Review for Knockabout
I’m more surprised than most of you at this point to learn that I don’t review everything! Watching the Knockabout Blu-ray last night, I had an increasing sense of déjà vu as the film unfolded. It turns out that I’ve had the Knockabout DVD on my shelves for over ten years now. I just never got around to reviewing it for the site. Because of that, it never actually registered as a film that I own. I’m aware that I have a problem. Once I find my way out of this labyrinth of discs, I’ll seek help.
I should have reviewed Knockabout back then; after all it is rather a significant film. It’s Yuen Biao’s first lead role in a kung fu movie. To that point in 1979, he’d worked as a stuntman, or as supporting cast, but this was his chance to shine as a lead actor, and more importantly, let his considerable martial arts skills take centre stage. It’s surprising that it took his fellow Beijing Opera School alumnus Sammo Hung to cast him in Knockabout, a film he directed, and took an un-credited co-star role in. It’s also a film brimming with Hong Kong talent.
Brothers Yipao and Taipao are conmen who are hard on their luck, although much of that is their own fault. They fleece a greedy money changer and make a healthy profit, but straight away go and blow it at a casino, and get pummelled into the bargain. They’re even outwitted by a wily beggar. They try once more to prey on a likely looking, grey-haired mark, and they find that it’s even harder, and more painful to try and con a kung fu master. They realise that they’re on a hiding to nothing unless they learn some kung fu, so they’ll get their ‘revenge’ by becoming the old man’s students, learn all that he has to teach, and then dump him. They’ve picked the wrong teacher. But it turns out that the wily old beggar might be their only salvation.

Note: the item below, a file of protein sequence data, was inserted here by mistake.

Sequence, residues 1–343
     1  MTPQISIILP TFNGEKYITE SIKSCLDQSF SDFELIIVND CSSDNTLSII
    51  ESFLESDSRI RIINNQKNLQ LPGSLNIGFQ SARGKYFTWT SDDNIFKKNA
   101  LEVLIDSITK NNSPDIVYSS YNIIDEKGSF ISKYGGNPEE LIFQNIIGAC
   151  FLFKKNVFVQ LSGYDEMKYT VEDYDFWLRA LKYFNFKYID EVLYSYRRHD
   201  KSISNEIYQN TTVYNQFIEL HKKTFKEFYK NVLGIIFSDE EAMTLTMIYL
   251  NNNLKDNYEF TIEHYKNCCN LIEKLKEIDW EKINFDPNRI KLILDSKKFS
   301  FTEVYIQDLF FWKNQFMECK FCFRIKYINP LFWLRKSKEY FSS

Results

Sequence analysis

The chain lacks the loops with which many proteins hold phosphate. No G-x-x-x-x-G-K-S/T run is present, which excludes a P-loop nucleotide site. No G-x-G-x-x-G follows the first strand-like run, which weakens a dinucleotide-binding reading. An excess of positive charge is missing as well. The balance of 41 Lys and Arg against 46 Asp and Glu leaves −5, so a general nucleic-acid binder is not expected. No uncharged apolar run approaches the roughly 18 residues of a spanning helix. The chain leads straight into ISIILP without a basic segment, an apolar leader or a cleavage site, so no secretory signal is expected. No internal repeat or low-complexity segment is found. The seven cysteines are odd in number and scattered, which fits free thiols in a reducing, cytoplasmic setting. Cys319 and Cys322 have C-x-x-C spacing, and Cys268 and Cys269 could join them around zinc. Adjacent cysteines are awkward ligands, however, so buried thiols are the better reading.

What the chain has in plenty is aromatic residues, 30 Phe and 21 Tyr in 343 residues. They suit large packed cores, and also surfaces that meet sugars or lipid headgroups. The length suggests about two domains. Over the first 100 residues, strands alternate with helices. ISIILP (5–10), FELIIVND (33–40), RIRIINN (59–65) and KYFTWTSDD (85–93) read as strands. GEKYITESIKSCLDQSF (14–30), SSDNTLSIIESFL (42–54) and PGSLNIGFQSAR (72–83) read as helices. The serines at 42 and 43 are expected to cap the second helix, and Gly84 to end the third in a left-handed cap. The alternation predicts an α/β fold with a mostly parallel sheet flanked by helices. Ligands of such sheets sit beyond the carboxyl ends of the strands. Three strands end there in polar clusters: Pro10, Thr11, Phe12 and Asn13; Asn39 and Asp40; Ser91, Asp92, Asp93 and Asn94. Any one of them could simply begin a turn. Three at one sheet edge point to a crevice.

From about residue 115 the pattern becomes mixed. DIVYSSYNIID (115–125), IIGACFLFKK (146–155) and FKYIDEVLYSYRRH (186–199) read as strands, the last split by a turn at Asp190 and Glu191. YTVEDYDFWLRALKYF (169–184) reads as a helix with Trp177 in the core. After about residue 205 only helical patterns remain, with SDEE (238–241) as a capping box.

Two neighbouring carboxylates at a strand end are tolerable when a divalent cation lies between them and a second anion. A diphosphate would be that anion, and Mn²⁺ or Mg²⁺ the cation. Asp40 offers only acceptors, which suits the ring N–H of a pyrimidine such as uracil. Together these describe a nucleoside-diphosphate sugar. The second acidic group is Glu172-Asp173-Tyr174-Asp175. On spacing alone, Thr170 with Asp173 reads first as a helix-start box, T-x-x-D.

You get two versions of the film on this disc, the original Hong Kong Version (104:44), and the Export Release (93:04).
Knockabout gets a 2.35:1 widescreen 1080p transfer. The Hong Kong version gets PCM 1.0 Mono Cantonese and the original Theatrical English dub, as well as a DTS-HD MA 5.1 newer English dub. The original English dub is taken from a shorter version of the film, and the gaps are filled with subtitled Cantonese. Consequently, there are three subtitle tracks with this version of the film, full translations, partial translations, and a signs only track. The Export version gets PCM 1.0 Mono Original Theatrical English, and an Alternate Home Video English dub.
You have to love these restorations. Kung fu classics have never looked this good, and Knockabout is no exception. The image is clear and sharp, colours are rich and consistent, and the action comes across without issue. There are no signs of visible compression or the like, and the print is clean and free of damage or signs of age. There is a nice level of grain, and the experience is properly filmic, all of which makes the stunning action and stunts really shine. I was happy with the Cantonese audio on the HK version, and the subtitles were accurately timed and free of typos. It’s a nice, warm audio experience, and there are no issues with tinniness, distortion or glitches.